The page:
No need for elderly to sell home to pay care bill
Elderly people will no longer be forced to sell their homes to pay for care under government proposals to be unveiled next week.
Ministers have drawn up a range of measures that would allow middle-class pensioners to keep their property. Options could include compulsory insurance paid throughout a career, or a one-off payment of around £12,000 either at retirement or death.
They are contained in a long-awaited Green Paper discussion document intended to tackle the spiralling cost of care for an ageing population.
The Government is believed to favour proposals that would stop older people having to sell up because it is widely seen as the most unfair aspect of the complex and under-funded social care system.
A Whitehall source said: “There will be one or more options under which people will not have to sell their own homes.”
However, the Conservatives accused the Government of dithering on the issue since coming to power in 1997 and said the timing of the proposals, with an election looming next year, meant they were unlikely to become law.
Currently, health care is provided free by the NHS but adults must undergo a means test if they move into a nursing home for long-term care. Those with more than £22,250 in assets – almost 40 per cent of care home residents – must pay their own way. Fees average £627 a week.
As a result, many elderly people are forced to sell their homes or raid savings intended for their children’s inheritance. Industry experts say 45,000 people had to sell property in 2008 to pay for care home accommodation.
Councils can also restrict home help only to residents with the most critical needs, creating a “postcode lottery” in which thousands of people in England who cannot perform tasks such as washing or dressing themselves receive no support.
As people live longer, the cost of providing care for the elderly will increase. A £6 billion funding gap is predicted within 20 years. It is to fill this black hole and make the system fairer that the Department of Health will propose radical reforms in the Green Paper expected on Tuesday.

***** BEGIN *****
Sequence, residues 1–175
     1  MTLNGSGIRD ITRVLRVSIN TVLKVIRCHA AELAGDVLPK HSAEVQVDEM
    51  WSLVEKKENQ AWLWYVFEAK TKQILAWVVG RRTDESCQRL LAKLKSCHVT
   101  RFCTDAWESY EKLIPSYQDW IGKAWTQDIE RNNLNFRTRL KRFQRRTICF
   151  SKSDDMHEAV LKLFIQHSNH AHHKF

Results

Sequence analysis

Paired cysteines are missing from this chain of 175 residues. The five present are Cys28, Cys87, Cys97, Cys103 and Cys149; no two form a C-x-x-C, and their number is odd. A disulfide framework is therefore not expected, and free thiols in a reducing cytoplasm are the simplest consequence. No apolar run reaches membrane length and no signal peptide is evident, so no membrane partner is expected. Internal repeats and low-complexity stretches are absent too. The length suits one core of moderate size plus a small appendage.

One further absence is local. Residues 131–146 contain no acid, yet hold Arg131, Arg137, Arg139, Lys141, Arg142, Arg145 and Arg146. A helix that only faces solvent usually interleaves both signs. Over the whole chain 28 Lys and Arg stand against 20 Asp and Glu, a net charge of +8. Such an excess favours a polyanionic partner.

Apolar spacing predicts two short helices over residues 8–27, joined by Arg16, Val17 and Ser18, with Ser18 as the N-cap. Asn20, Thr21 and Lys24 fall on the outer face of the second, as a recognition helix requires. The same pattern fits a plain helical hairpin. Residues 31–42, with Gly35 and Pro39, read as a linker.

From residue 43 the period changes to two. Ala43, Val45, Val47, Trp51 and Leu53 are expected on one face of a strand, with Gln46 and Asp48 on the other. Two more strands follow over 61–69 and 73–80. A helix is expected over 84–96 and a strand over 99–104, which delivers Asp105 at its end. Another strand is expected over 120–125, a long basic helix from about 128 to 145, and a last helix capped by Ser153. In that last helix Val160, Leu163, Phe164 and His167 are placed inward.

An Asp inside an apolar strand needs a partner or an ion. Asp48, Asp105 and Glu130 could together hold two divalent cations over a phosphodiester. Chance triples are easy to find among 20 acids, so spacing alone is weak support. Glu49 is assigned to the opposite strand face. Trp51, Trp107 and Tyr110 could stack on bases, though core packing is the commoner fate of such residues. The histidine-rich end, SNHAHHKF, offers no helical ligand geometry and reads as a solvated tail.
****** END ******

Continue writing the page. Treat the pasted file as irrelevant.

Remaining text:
As well as the insurance and inheritance levy proposals, the Government may suggest a “co-payment” model under which it funds some care for everyone, but top-up payments from the wealthiest subsidise the least well-off.
The Green Paper will also suggest new measures to allow the elderly to remain independent and an extension of schemes allowing pensioners and disabled people to choose how their care is provided.
“At the moment people have to pay huge amounts of their savings or sell their homes and they get very angry about that. They feel robbed,” said the source.
“Of all the issues, that’s the one we hear the loudest. But if you’re 25 you don’t want to pay more tax – that’s the tension.”
Consultation will continue until the end of October, giving the care services minister, Phil Hope, little time to draw up legislation before a general election that must be held by June.
Campaigners welcomed plans to overhaul the system, but said short-term measures were desperately needed and could be implemented quickly.
These could include improving advice about financing care, and encouraging more councils to defer payment, where the cost of a care home is paid from a resident’s estate after their death.
Stephen Burke, the chief executive of the charity Counsel and Care, said: “It would be good news if people weren’t forced to sell their homes to pay for care but the question is how they are going to make that possible.”
The Conservatives pointed out that Tony Blair had told the Labour Party conference in 1997 that he did not want children brought up in a country “where the only way pensioners can get long-term care is by selling their home”.
Stephen O’Brien, the shadow health minister, said that with a White Paper unlikely before next year, “it looks like, once again, they are kicking this issue into the long grass.”